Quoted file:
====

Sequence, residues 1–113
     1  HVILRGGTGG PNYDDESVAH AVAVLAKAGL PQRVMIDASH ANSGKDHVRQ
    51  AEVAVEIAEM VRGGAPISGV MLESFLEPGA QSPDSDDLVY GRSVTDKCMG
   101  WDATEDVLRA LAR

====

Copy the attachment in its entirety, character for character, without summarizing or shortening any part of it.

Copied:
Sequence, residues 1–113
     1  HVILRGGTGG PNYDDESVAH AVAVLAKAGL PQRVMIDASH ANSGKDHVRQ
    51  AEVAVEIAEM VRGGAPISGV MLESFLEPGA QSPDSDDLVY GRSVTDKCMG
   101  WDATEDVLRA LAR